Did an Indian Curse Lead to the Strange Death of Fred Dean?

There is a legend in Southern California that, during the early 19th century, a powerful Indian medicine man named Hago appeared in Paso Robles and placed a curse upon the paleface invaders of his ancestral homeland. While history fails to record exactly how many white settlers died under mysterious circumstances in the early days of California history, a great deal has been written about Fred Dean, a local rancher who was slaughtered under the strangest of circumstances on November 17, 1919.

Stranger still is the fact that Dean's ranch was located on the very spot where Hago had etched his dire warning into a boulder nearly a century earlier: Upon all hereafter coming wrongfully upon this land shall fall a curse.

Early on the morning of Monday, November 17, Mrs. Myrtle Dean was awakened by the rumbling of a freight train thundering past the Dean house. She had been sleeping lightly downstairs so that she could be in easy reach of her daughter Bertha, who was ill. Her husband, Fred, should have been asleep in the upstairs bedroom. No one except Fred Dean slept upstairs, because nobody dared to-- for the Dean house had a reputation for being haunted.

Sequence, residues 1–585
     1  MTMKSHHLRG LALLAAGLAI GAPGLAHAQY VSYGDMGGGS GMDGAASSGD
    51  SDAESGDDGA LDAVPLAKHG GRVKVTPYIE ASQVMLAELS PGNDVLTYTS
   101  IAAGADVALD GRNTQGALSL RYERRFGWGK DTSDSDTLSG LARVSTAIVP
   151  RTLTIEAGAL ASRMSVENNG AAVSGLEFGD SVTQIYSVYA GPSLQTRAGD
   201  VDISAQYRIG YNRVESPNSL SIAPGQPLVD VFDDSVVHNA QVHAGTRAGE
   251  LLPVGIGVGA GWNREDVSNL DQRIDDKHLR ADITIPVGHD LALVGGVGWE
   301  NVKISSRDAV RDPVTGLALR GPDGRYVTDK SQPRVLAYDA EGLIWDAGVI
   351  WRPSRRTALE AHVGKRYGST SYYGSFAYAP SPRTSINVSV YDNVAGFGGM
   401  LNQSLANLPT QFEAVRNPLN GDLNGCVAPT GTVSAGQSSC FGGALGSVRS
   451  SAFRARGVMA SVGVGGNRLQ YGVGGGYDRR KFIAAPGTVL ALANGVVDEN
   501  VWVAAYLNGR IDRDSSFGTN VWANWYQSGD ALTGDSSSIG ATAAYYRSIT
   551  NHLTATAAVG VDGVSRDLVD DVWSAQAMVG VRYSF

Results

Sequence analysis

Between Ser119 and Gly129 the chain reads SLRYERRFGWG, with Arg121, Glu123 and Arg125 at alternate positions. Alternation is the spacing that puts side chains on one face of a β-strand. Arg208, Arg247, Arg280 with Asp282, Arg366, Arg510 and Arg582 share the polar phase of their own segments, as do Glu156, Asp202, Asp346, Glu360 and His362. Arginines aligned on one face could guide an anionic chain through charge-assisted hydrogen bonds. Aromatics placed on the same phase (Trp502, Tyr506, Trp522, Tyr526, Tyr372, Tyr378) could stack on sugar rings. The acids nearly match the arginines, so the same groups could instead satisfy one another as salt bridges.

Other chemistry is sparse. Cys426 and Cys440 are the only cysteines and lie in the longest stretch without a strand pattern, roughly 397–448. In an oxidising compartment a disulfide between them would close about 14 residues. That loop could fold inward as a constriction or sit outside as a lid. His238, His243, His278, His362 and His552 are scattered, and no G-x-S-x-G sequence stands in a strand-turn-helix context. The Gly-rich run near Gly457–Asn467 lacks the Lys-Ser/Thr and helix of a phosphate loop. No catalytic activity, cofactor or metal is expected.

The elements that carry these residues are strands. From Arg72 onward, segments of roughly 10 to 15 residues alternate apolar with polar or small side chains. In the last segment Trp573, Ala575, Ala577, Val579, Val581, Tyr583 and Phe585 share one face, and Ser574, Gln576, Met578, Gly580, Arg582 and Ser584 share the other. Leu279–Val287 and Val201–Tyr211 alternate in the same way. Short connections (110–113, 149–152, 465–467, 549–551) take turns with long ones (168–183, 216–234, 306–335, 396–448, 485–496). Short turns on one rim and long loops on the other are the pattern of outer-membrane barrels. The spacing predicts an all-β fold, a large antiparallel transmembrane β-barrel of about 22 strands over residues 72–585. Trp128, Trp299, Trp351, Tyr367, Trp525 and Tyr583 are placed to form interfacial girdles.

Nevertheless, a strange noise compelled Myrtle to go upstairs to check on her husband, and when she did, she made a horrific discovery.

It was no ordinary murder; Dean had apparently been the victim of an enraged assassin who had murdered him in his sleep. Dean had to have been asleep, because confronting the rugged rancher while he was awake was a surefire ticket to the undertaker's parlor. Dean never went anywhere unarmed and, when it came to marksmanship, few Californians surpassed him in skill. He had a reputation of being fearless, and it was said that he always slept with one eye open.

Yet, somehow, while Myrtle and Bertha were sleeping downstairs, an intruder had broken into the house and split the rancher's head wide open, evidently with a heavy, blunt-edged instrument. But the butchery did not end there; his throat had also been slit from ear to ear and marks on his body indicated that Fred had been beaten mercilessly. Upon discovering the body of her husband, Mrs. Dean attempted to commit suicide by slashing her own throat. It was impossible to imagine that such a vicious attack could've been carried out without Myrtle waking up, and so, after a preliminary investigation, Myrtle Dean was arrested on suspicion of murdering her husband.

The strange sequence of events which led to Myrtle's arrest is almost without parallel. Twenty years earlier, the ranchman's home had been the scene of another murder. A three-year-old girl was strangled to death by an unknown killer. Her parents soon thereafter went insane and the house was left vacant. The ghost stories and the legend of Hago's curse seemed to ensure the house would remain untenanted, but after many years of being abandoned, the property was purchased by a fearless rancher who scoffed the notion of ghosts.